Bruce Lee’s daughter slams Quentin Tarantino for harsh comments

Shannon Lee, Bruce Lee’s daughter, has expressed her dissatisfaction with “white men in Hollywood trying to teach her who Bruce Lee was.”

In an appearance on ‘The Joe Rogan Experience,’ the filmmaker of “Once Upon a Time in Hollywood” defended his representation of martial artists and responded to Shannon’s criticism of the film, according to Wion news.

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Tarantino said bluntly on Rogan’s podcast, “I can understand his daughter having a problem with it—it’s her f—ing father, I get that. Everybody else: go suck a d—.”

“If Cliff fought Bruce Lee at a Madison Square Garden martial arts tournament, he would not stand a chance. But as a killer who has killed men before in a jungle, he would kill Bruce Lee.”

Cliff Booth, played by Brad Pitt, is challenged by an arrogant Lee to a friendly, best-of-three battle in the film. While Cliff loses in the first round, it is only a ruse, and the next time he fights, he uses Lee’s move against him and throws him against a car.

Now, in a guest column published by The Hollywood Reporter, Shannon responded to Tarantino’s comments about her father and said, ”While I am grateful that Mr Tarantino has so generously acknowledged to Joe Rogan that I may have my feelings about his portrayal of my father, I am also grateful for the opportunity to express this: I’m really f***ing tired of white men in Hollywood trying to tell me who Bruce Lee was,” she wrote.

Shannon continued, “I’m tired of hearing from white men in Hollywood that he was arrogant and an a**hole when they have no idea and cannot fathom what it might have taken to get work in the 1960s and ’70s Hollywood as a Chinese man with (God forbid) an accent, to try to express an opinion on a set as a perceived foreigner and person of colour. I’m tired of white men in Hollywood mistaking his confidence, passion, and skill for hubris and therefore finding it necessary to marginalize him and contributions.”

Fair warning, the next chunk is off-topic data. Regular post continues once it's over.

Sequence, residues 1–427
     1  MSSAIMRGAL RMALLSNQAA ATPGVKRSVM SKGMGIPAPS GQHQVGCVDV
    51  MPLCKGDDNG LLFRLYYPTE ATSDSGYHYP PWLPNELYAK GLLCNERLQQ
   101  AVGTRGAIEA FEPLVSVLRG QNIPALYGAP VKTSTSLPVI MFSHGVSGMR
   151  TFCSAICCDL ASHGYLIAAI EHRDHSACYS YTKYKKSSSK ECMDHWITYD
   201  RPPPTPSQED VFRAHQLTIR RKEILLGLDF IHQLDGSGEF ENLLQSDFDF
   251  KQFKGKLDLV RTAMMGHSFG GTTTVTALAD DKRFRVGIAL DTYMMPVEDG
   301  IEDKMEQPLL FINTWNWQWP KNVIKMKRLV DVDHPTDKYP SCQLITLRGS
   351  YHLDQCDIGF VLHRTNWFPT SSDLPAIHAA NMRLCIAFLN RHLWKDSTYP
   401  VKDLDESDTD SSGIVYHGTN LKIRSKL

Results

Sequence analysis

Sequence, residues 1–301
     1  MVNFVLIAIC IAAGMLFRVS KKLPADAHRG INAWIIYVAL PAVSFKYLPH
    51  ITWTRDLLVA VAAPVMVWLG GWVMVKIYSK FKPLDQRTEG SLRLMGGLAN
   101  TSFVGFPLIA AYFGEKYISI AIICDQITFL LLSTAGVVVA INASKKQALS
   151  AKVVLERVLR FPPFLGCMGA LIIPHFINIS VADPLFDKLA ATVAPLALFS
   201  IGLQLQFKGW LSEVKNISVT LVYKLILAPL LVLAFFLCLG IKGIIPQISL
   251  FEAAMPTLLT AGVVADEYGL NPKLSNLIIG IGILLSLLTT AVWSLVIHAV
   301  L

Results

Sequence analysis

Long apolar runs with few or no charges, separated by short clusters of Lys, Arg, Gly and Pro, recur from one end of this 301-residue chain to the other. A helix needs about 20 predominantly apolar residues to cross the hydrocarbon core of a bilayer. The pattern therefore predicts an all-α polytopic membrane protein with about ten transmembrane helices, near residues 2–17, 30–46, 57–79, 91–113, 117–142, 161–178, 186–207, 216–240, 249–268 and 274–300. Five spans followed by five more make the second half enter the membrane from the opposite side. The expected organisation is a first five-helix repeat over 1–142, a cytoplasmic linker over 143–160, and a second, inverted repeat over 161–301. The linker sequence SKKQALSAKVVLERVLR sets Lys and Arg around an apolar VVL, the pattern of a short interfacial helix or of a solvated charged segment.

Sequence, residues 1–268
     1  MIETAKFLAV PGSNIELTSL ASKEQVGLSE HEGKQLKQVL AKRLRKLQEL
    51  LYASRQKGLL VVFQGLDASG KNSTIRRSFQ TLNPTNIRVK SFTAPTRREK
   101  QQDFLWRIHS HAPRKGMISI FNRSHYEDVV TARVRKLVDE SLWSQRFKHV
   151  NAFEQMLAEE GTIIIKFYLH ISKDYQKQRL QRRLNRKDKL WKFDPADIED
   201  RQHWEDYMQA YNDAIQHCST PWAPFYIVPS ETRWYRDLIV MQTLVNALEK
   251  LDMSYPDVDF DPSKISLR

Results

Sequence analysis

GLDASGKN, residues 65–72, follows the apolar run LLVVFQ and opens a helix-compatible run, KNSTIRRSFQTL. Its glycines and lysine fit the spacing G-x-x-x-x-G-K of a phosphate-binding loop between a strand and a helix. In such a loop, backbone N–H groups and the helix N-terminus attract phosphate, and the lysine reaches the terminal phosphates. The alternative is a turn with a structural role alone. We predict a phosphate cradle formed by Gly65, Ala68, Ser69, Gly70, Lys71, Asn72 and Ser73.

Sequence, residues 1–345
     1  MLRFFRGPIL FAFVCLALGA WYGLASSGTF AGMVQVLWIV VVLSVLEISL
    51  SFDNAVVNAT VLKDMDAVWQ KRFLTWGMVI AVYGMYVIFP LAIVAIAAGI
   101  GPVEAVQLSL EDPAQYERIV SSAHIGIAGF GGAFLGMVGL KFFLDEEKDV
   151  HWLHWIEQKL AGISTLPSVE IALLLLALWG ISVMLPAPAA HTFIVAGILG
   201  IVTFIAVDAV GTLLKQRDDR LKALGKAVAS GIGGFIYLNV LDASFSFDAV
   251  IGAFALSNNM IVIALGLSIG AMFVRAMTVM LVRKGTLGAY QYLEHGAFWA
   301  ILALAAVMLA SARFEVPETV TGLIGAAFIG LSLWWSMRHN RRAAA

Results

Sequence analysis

”I’m tired of white men in Hollywood finding it too challenging to believe that Bruce Lee might have really been good at what he did and maybe even knew how to do it better than them,” she adds.

Shannon went on, “And while we’re at it, I’m tired of being told that he wasn’t American (he was born in San Francisco), that he wasn’t really friends with James Coburn, that he wasn’t good to stuntmen, that he went around challenging people to fight on film sets, that my mom said in her book that my father believed he could beat up Muhammad Ali (not true), that all he wanted was to be famous, and so much more.”

“Mr Tarantino, you don’t have to like Bruce Lee. I really don’t care if you like him or not. You made your movie and now, clearly, you’re promoting a book,” Shannon said. “But in the interest of respecting other cultures and experiences you may not understand, I would encourage you to take a pass on commenting further about Bruce Lee and reconsider the impact of your words in a world that doesn’t need more conflict and fewer cultural heroes. Under the sky, under the heavens, we are one family, Mr Tarantino, and I think it’s time for both of us to walk on.”

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